ASP.NET gets no Respect: Rick Strahl has written a really brilliant article about why ASP.Net gets a really bad rap. It’s a great roll-up of all the arguments leveled against .Net, and Rick is objective enough to admit that some of them are even true. I think this is an important article for any ASP.Net developer to read, especially new developers or those about to learn the platform.
For instance, Rick nails this point about how ASP.Net tries so very hard to abstract developers away from HTML and CSS:
ASP.NET – at least using the Web Forms engine – uses a different approach to Web development that is based on abstraction and effectively hiding many of the HTTP semantics from developers. In some ways this can be very efficient and produce very rapid results if you know what you’re doing and you flow with this concept, but if you are coming from a raw HTML and CSS background or even as a developer from other tools that are based on raw HTML/CSS principles it’s actually difficult to get your head around the abstraction that Web Forms provides.
Web Forms also produces HTML that is not easily styled via CSS so traditional design mechanisms can be more involved. […]
That last point especially drives me nuts.
As for me, I’m slowly coming around. I actually enjoy writing ASP.Net now, with a few bumps. I still think the implicit encouragement to abuse Postback is inexcusable (Applebees still hasn’t fixed that page…), but other than that I find ASP.Net to be a solid platform, and I’m really doing some interesting things with it.
We’re a partner with one .Net content management company, and we’re on the verge of signing a partnership agreement with another one, so Blend is actually betting a fair amount of the future success on the .Net platform.
Back to Rick’s article, he covers some other really salient points as well, like Microsoft’s Ajax framework, a system about which I have never heard anything good:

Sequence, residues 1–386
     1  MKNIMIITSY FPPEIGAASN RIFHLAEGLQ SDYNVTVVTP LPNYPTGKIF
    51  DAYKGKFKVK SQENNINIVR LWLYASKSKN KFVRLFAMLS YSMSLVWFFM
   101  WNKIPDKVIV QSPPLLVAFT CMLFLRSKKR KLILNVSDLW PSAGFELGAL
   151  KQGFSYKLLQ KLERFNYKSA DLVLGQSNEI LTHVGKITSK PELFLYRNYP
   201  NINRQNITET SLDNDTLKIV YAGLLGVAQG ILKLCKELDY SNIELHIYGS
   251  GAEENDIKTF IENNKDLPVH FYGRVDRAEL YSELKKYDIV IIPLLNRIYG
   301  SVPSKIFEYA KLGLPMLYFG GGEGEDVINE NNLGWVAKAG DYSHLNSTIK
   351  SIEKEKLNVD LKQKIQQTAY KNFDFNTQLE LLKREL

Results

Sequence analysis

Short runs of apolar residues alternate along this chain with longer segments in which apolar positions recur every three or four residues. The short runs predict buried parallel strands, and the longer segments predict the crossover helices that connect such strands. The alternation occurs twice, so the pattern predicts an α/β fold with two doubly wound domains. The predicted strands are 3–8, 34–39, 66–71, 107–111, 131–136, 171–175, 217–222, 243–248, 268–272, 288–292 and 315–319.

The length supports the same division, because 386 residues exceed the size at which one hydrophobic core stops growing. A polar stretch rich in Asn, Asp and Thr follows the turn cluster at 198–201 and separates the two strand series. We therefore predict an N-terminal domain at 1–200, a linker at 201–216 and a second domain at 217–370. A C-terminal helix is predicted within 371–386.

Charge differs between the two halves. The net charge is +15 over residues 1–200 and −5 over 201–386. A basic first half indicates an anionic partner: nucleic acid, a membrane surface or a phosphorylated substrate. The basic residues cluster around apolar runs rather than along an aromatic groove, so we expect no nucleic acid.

True. For me to even consider this, you have to make it better than JQuery. Good luck with that.
And, ASP.Net is harder than your average platform:
Maybe an even bigger concern is that ASP.NET or .NET in general has a pretty steep learning curve. Web development is never easy, but ASP.NET involves learning a fair bit of framework functionality before you can really be productive and get stuff done.
It does have a learning curve, but I’ve found that ASP.Net is more friendly to code-reuse than any other platform I’ve used. Using it, I tend to solve problems only once, and I’m able to abstract things away and develop re-usable libraries extremely easily.
Finally, I can’t let this slip by:
I’m always amazed how many people outside of the Microsoft fold have such intense loathing of Microsoft. It’s not just dislike, but a virulent loathing where anything Microsoft is considered evil.
I feel this way about Apple. And I’m not kidding.
I was reading through the comments, and there’s a great one that is, as I write this, the last one on the page. There’s no way to link to a specific comment, but it’s from David Betz, and starts out “…and another thing!” David really dismisses the “WebForms suck” argument:
Once you get past the EXTREMELY naive belief that ASP.NET is WebForms, you can do just about anything. Many people think of ASP.NET as being WebForms, “Magical” PostBack, and ViewState. […] ASP.NET is just a .NET application with one C++ based DLL. For the most part, it’s just a bit C# application. Change it, hack it, bend it… do whatever you want. It’s RAW power.
He’s right, this is is a common misconception, but until Microsoft came out with MVC, they did nothing to dispel it. It’s a lot like the Classic ASP = VBScript association that Microsoft really let stand unchallenged for all those years. They should have released MVC five years ago, which would have cast ASP.Net in an entirely different light.